Somewhere in that equilibrium lies the “unbearable lightness,” or should we say, “the un-Barbera-able lightness.”
I’m hoping that some of you remember the landmark 20th-century novel by the Czech-born French writer Milan Kundera: The Unbearable Lightness of Being. In the book, published in 1984, the novelist examines the fragile nature of our existence and fate. Borrowing a page from Nietzsche, he reminds us of the fickle nature of destiny (set against the backdrop of revolution in Central Europe).
The iconic, paradoxical title — a “lightness” so heavy that it is impossible to “bear” (to carry) — is one that wine professionals often borrow to describe the greatest red wines of the world. The wines are rich with aroma, flavor, and texture in this paradigm. But they are also lithe, supple, and “light” on the palate, a counterintuitive tasting profile that most would agree represents a hallmark of the world’s greatest red wines (or at least in the classic, old-world style).
I was reminded of this expression over the weekend when a Barbera d’Asti was part of flight that my wife Tracie and I served at a momentous family dinner (in accordance with Barbera d’Asti consortium blog protocols, I can’t reveal the name of the producer; let it suffice to say that most readers, even those not entirely versed in the spectrum of Barbera d’Asti, would recognize its provenance).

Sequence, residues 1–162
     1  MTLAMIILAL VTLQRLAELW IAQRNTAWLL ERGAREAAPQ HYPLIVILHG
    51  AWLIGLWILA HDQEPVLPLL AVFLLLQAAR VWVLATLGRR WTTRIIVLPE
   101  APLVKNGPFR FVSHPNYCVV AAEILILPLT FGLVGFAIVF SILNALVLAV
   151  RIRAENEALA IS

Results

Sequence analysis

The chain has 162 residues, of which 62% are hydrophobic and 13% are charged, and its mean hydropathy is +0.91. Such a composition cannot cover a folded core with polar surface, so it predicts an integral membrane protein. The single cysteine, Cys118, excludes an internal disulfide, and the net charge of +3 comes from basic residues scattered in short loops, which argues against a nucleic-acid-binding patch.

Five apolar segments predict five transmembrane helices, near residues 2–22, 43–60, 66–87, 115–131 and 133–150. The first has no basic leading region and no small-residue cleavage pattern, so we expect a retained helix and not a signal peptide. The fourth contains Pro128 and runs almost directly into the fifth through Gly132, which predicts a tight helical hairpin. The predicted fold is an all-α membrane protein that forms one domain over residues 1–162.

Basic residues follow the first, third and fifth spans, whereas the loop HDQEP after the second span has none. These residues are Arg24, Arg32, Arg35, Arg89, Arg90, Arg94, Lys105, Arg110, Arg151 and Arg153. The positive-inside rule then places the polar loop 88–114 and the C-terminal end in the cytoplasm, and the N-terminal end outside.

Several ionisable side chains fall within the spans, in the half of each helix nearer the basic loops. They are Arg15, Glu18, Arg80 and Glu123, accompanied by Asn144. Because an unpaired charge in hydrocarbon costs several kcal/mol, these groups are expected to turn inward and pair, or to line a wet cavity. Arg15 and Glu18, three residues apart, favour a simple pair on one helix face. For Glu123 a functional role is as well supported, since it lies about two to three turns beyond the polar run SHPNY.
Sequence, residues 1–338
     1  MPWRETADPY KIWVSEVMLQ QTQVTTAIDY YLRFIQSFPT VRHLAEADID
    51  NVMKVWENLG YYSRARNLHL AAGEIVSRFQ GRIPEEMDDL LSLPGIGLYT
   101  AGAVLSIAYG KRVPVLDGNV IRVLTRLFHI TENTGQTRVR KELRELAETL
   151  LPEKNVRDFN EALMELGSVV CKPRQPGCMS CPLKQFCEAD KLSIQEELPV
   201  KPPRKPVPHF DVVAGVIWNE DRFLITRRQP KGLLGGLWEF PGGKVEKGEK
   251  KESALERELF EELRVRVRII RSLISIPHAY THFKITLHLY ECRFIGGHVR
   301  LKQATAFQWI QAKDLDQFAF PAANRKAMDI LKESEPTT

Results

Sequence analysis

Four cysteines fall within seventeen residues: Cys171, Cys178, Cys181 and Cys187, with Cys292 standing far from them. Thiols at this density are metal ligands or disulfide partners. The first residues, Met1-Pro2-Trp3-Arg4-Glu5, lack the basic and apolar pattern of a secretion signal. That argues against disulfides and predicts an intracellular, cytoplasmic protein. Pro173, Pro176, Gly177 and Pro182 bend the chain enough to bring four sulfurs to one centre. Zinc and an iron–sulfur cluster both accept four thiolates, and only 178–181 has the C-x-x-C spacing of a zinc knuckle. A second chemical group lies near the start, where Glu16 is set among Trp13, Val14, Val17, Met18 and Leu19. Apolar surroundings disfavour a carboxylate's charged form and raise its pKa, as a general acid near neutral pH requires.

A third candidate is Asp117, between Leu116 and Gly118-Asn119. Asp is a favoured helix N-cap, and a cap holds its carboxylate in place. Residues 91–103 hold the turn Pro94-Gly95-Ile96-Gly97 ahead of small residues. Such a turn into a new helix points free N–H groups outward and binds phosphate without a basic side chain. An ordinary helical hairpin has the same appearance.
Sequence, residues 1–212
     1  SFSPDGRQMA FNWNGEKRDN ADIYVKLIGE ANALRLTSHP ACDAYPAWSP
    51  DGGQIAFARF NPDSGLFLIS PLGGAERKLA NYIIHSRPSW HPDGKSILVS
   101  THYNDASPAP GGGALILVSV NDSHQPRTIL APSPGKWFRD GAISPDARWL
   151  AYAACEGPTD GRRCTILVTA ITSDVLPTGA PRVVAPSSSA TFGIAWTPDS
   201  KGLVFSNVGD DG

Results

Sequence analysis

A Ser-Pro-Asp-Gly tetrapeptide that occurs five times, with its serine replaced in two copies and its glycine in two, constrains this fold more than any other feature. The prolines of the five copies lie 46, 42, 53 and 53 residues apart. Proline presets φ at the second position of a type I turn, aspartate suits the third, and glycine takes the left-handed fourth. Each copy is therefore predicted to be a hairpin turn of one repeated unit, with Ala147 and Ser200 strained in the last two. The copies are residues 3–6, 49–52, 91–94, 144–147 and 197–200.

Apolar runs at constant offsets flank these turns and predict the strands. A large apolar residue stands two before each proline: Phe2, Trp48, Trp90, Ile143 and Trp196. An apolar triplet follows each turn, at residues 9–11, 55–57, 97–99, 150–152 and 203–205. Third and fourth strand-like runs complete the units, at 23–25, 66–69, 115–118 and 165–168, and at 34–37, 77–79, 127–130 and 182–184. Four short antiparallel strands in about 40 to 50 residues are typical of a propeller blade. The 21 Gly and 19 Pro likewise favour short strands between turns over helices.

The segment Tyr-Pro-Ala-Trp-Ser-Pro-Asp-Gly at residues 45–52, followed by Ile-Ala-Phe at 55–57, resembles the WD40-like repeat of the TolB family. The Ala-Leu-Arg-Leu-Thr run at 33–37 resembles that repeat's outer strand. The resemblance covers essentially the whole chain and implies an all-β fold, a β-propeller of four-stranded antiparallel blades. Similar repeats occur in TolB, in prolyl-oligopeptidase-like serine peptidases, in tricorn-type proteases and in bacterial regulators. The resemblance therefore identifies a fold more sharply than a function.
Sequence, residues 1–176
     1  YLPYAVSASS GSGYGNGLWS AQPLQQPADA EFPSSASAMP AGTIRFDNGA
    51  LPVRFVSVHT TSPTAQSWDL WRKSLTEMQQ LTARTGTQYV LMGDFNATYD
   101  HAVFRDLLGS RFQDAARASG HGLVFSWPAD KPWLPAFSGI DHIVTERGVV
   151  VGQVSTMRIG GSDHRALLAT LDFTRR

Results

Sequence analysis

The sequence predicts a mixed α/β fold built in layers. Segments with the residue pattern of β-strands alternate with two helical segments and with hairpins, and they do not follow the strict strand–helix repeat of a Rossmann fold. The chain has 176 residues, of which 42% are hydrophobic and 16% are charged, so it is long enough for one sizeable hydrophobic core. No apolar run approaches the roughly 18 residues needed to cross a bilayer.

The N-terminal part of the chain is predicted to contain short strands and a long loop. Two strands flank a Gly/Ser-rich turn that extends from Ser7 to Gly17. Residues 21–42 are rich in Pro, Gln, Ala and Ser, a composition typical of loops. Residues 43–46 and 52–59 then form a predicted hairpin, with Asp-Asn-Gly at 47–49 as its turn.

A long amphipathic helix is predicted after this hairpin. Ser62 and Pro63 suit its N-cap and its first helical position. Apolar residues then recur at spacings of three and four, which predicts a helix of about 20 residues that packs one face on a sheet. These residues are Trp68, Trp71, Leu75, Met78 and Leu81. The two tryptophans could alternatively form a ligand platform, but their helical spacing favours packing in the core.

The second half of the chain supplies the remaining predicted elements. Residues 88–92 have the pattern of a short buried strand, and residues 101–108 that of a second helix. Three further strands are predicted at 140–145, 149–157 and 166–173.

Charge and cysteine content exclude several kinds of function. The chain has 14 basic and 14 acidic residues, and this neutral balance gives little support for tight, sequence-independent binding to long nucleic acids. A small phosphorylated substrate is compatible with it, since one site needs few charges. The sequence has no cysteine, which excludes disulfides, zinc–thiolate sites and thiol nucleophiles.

There were a number of highly prized wines opened that night. But the Barbera d’Asti, among the reds, was the wine that disappeared the fastest.
Some of the less experienced wine lovers at the table might have called this “drinkability.” The wine was just so “smooth,” they’d offer, it was just so “easy to drink.”
But the more seasoned oenophiles pointed to the nuance and complexity of the wine balanced by its freshness and vibrance. Somewhere in that equilibrium lies the “unbearable lightness,” or should we say, “the un-Barbera-able lightness.”
And in my next post I’ll take a lot at at some of the reasons why Barbera d’Asti is often worthy of that title.